Paul Signac's parents lived in Asnières, northwest of Paris, and he depicted that area, including the Seine, numerous times. However, Signac's mother moved to Paris in 1889, and so Signac worked at Asnières for the last time in 1888, painting Arrière du Tub. "The Tub" was the name of the small sailboat in the painting; it eventually sank in 1890 at Herblay. Signac was an avid yachtsman, and this is the vantage point of Arrière du Tub. The stern is depicted at the foreground of the painting, and the painter--and the viewer--look out of the boat onto the landscape. This scene, however, is not the timeless paradise of Corot or even Delacroix, but rather illustrates the rapid encroachment of industry. The bridge of Asnières is at the center of the canvas, and a train crosses it at the far right, moving into the image and evoking both the sights and the sounds of modern life. A similar painting, Avant du Tub, 1888 (private collection), depicts the view as seen from the bow, which was the quiet, leisurely side of Asnières. As Marina Ferretti-Bocquillon noted, "These paintings anticipate an important change in [Signac's] work. Little by little, evocations of leisure activities and the pleasures of sailing would replace the industrial landscapes, with their bridges and metal cranes, which are still visible here. In these new landscapes Signac resisted the temptations of Naturalism and moved closer to Monet and the Impressionist tradition in his choice of subject" (in Signac 1863-1935, exh. cat., New York, The Metropolitan Museum of Art, 2001, cat. 28). While Signac's images of Asnières reflect common ambiguous feelings towards modern life, keeping nature, leisure, and industry in a delicate balance, they also are important in their use of a new technique: divisionism.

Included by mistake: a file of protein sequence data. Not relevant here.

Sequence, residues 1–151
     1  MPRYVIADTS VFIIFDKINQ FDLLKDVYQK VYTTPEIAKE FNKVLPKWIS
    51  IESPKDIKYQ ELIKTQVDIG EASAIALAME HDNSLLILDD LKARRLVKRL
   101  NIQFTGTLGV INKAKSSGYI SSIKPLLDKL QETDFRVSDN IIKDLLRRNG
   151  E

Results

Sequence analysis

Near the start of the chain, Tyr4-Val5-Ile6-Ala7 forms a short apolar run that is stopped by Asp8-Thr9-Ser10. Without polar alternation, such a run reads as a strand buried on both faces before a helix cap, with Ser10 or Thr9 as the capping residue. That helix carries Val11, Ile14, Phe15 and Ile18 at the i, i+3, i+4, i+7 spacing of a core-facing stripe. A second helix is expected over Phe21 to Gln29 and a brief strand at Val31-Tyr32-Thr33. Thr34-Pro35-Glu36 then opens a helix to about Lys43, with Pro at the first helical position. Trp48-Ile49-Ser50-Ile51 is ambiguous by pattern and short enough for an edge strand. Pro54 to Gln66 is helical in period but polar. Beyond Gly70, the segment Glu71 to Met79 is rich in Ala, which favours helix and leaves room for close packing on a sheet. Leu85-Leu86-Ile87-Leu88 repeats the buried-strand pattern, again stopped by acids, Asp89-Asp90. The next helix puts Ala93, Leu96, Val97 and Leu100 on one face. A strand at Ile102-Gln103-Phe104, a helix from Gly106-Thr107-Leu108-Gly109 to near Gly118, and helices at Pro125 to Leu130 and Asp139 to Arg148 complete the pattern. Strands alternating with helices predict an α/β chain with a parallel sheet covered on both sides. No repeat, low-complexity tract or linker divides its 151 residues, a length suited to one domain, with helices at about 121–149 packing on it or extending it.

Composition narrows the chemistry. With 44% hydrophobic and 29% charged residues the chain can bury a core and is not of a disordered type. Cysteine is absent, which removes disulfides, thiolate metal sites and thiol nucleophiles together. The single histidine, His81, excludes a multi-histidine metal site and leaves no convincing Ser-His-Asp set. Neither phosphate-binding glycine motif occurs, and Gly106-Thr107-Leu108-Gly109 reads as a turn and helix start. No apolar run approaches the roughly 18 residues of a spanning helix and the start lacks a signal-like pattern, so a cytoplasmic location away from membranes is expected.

In 1884, Signac was a founding member of the Salon des Indépendants, where he met Georges Seurat. Seurat was exhibiting Baignade à Asnières (De Hauke no. 92, London, National Gallery), completed earlier that year, in which he had already begun to apply principles of divisionism. The younger, untutored Signac was attracted by the rigor of this technique and began to adopt its distinctive brushstroke and carefully delineated, architectonic structure. However, the influence was not one-sided--Signac urged Seurat to abandon his lingering earth tones in favor of luminous, pure pigments. Signac also suggested that his own, less disciplined work may have had a liberating effect on his more analytically orientated and doctrinaire friend.
Seurat exhibited his masterpiece La Grande Jatte in 1886, at the eighth and final Impressionist show and then at the Indépendants, effectively launching a new group, albeit a loosely formed one. Camille and Lucien Pissarro, Edmund Cross, Charles Angrand, and many others began to apply divisionist methods, yet it was the enthusiastic and outgoing Signac who held the group together and generated a sense of shared identity. He established connections, organized exhibitions, lobbied for reviews, and was the active president of the Société des Artistes Indépendants from 1909 until his death in 1935. As a friend of the color theorist Charles Henry, he also designed the illustrations for Henry's theoretical treatise Cercle chromatique et rapporteur esthétique of 1888. Signac's Portrait de Félix Fénéon, 1890 (Cachin no. 211, New York, Museum of Modern Art) seems to be a tongue-in-cheek exaggeration of Henry's theories regarding the emotional effect of color and linear direction; for example, Henry believed that upward-moving lines produce joy in a viewer whereas downward-moving lines produce sadness. In contrast to the swirling arabesques of Portrait de Félix Fénéon, the dominant lines of Arrière du Tub are primarily horizontal, with the bridge dividing the expanses of sea and sky; this transverse sectioning appears to provide a strict sense of equilibrium and order, perhaps appropriate for a leisurely sail on the Seine. However, the dramatic perspective of the stern itself, as well as the diagonal of the shoreline, actively coerce the viewer to enter the picture, as if he were present at the scene.